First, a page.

Growing Returns

Latest population count could spell doom for the monarch. Unless we act now.

The Western Monarch Thanksgiving Count began in 1997, when scientists first noticed declines and started to track the population.

In the years since, the western monarch butterfly population (the smaller of the two North American populations, which overwinters on the California coast) has dropped dramatically, and this year’s preliminary data is especially alarming.

Early reports on this year’s count suggest that populations have dropped 86 percent since last year, with the population at less than 0.5 percent of historic levels. Approximately 20,000 monarchs were counted at the monarch’s overwintering sites this Thanksgiving, compared to 148,000 counted last year. The Xerces Society estimates that the overall population will be around 30,000.

So far, 97 of the monarch’s overwintering sites along the California coast have been counted, representing approximately 75 percent of the total western population. (Photo Credit: Amy Marbach)

This is a grim number, especially when you consider studies showing that 30,000 butterflies is the average population needed to avoid a complete collapse of the western migration, and extinction of the entire western population.

It’s clear that western monarchs cannot survive even one more year of decline like this one. Read More »

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Monarch butterflies are migrating in large numbers, with support from some unlikely allies

Monarch butterflies fueled on recently planted prairie habitat on hog farms in Missouri this summer before beginning their annual fall migration south.

You may have noticed more monarch butterflies than usual this year. There’s a reason for that.

Researchers are finding that monarch populations are at the fourth highest level since 1993 – making this year’s population currently migrating south for the winter one of the highest of the past 25 years.

That’s great news for the beloved orange and black butterfly, which has faced a 95 percent population decline since the 1980s. This dramatic loss has been driven largely by increased applications of herbicides across the agricultural landscape, and additional threats posed by extreme weather and climate change.

But citizens, conservationists and even some forward-thinking companies are highly motivated to help recover the monarch before it’s too late.

Read More »

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Trump attacks vital conservation tool for threatened and endangered species, misses real problem

Critical habitat designations are an essential tool in the Endangered Species Act (ESA) toolbox. They are the primary mechanism Congress created to accomplish the goal of the act, “to provide a means whereby the ecosystems upon which endangered species and threatened species depend may be conserved.”

Critical habitat is the science-based determination of specific areas that are essential for a species’ survival. The U.S. Fish and Wildlife Service and National Marine Fisheries Service designate critical habitat for threatened and endangered species, like the marbled murrelet and piping plover, to signal to federal agencies, landowners, industries and conservationists where habitat protections should be prioritized and impacts avoided. Photo credit: Kathy1006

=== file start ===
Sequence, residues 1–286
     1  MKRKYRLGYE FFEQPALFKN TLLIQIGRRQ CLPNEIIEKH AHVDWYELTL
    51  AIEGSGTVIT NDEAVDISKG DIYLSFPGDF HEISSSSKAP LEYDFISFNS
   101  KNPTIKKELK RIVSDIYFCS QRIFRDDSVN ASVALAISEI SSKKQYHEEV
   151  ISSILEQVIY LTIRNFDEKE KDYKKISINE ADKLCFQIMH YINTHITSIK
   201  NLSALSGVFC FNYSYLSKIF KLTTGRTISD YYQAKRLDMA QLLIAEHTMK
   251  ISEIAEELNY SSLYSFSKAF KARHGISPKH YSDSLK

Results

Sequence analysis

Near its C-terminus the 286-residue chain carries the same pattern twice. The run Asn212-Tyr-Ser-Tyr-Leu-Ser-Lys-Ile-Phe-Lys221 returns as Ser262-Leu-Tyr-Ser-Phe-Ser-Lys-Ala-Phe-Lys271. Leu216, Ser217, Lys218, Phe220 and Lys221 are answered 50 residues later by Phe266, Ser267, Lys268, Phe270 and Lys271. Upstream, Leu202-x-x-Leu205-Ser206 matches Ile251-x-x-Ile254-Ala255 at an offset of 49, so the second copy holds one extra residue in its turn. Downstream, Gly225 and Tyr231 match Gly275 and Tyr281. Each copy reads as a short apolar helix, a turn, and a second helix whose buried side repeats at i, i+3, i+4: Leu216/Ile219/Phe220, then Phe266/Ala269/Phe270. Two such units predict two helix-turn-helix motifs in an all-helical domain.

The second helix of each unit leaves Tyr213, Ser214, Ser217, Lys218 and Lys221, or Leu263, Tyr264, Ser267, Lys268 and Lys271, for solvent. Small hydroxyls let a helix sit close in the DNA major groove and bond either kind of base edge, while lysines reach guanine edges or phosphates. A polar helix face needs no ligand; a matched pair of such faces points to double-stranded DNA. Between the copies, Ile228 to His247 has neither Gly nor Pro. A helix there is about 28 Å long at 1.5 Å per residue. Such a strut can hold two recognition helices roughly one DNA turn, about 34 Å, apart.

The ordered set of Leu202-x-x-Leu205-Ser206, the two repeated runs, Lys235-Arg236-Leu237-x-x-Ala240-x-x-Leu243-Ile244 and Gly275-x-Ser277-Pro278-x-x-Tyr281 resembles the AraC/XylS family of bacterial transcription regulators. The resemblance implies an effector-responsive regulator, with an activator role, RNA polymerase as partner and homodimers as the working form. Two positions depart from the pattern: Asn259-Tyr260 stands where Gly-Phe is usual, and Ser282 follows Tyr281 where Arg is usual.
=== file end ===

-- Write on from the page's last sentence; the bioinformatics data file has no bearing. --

Because habitat loss and fragmentation is currently the leading cause of extinction, it’s vital to protect areas that currently contain the physical and biological features that are essential for species survival today.

Supporting imperiled species also requires that the U.S. Fish and Wildlife Service and National Marine Fisheries Service (Services) identify and protect historic ranges that can be restored or rehabilitated, provide key features or dynamic forces essential to species, or potentially become suitable habitat due to climate change. Critical habitat designations are the tool the Services use to do this.

As important as they are, critical habitat designations don’t come without controversy. Read More »

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Trump’s ESA overhaul won’t give Americans what they want. Here’s what will.

We are observing the most coordinated set of attacks on the Endangered Species Act since it was signed into law nearly a half century ago.

Bald eagle soars thanks to endangered species act

The bald eagle – our nation’s symbol – would have likely gone extinct if not for the protections of the Endangered Species Act. Learn how our nation’s symbol soared back from the brink. Photo Credit: Bob Jensen

The latest series of assaults – from legislation introduced in Congress to proposed changes by the Trump administration – fall into the increasingly perilous partisan trap that pits industrial and economic interests against the environment and public health.

This two-sided narrative consistently drowns out moderate voices in national media coverage and has created an illusion of broad disagreement around the ESA that simply does not exist.

Recent surveys show that 83 percent of Americans support the ESA, including 74 percent of conservatives.

That’s a lot of bipartisan support. Yet House legislators and the Trump administration are pushing extreme proposals that cater to the political whims of a few special interests.

Americans deserve better. Here are six actions that will improve protections for wildlife, preserve our outdoor heritage and strengthen local communities. Read More »

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How the farm bill helps landowners and wildlife thrive together

This week, the Senate advanced a farm bill that includes many important provisions for conservation on America’s working farms, ranches and forestlands. Among these provisions is language codifying the Working Lands for Wildlife program that helps farmers and ranchers restore habitat for at-risk wildlife. It’s the first time the program has been formally recognized in the farm bill.